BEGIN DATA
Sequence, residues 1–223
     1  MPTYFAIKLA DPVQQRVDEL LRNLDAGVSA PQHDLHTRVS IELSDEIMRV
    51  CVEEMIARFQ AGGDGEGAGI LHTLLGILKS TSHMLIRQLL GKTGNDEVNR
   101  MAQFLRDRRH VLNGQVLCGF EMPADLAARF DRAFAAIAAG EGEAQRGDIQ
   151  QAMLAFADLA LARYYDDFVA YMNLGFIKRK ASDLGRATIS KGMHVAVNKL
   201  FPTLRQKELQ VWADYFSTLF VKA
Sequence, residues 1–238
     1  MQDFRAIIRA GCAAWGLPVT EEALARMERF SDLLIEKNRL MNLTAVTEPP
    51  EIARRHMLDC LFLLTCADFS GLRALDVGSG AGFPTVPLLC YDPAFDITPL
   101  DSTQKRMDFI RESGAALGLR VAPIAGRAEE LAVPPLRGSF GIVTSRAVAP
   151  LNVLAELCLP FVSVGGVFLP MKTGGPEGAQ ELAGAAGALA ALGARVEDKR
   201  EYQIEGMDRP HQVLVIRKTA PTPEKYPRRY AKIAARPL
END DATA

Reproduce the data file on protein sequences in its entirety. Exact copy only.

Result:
Sequence, residues 1–223
     1  MPTYFAIKLA DPVQQRVDEL LRNLDAGVSA PQHDLHTRVS IELSDEIMRV
    51  CVEEMIARFQ AGGDGEGAGI LHTLLGILKS TSHMLIRQLL GKTGNDEVNR
   101  MAQFLRDRRH VLNGQVLCGF EMPADLAARF DRAFAAIAAG EGEAQRGDIQ
   151  QAMLAFADLA LARYYDDFVA YMNLGFIKRK ASDLGRATIS KGMHVAVNKL
   201  FPTLRQKELQ VWADYFSTLF VKA
Sequence, residues 1–238
     1  MQDFRAIIRA GCAAWGLPVT EEALARMERF SDLLIEKNRL MNLTAVTEPP
    51  EIARRHMLDC LFLLTCADFS GLRALDVGSG AGFPTVPLLC YDPAFDITPL
   101  DSTQKRMDFI RESGAALGLR VAPIAGRAEE LAVPPLRGSF GIVTSRAVAP
   151  LNVLAELCLP FVSVGGVFLP MKTGGPEGAQ ELAGAAGALA ALGARVEDKR
   201  EYQIEGMDRP HQVLVIRKTA PTPEKYPRRY AKIAARPL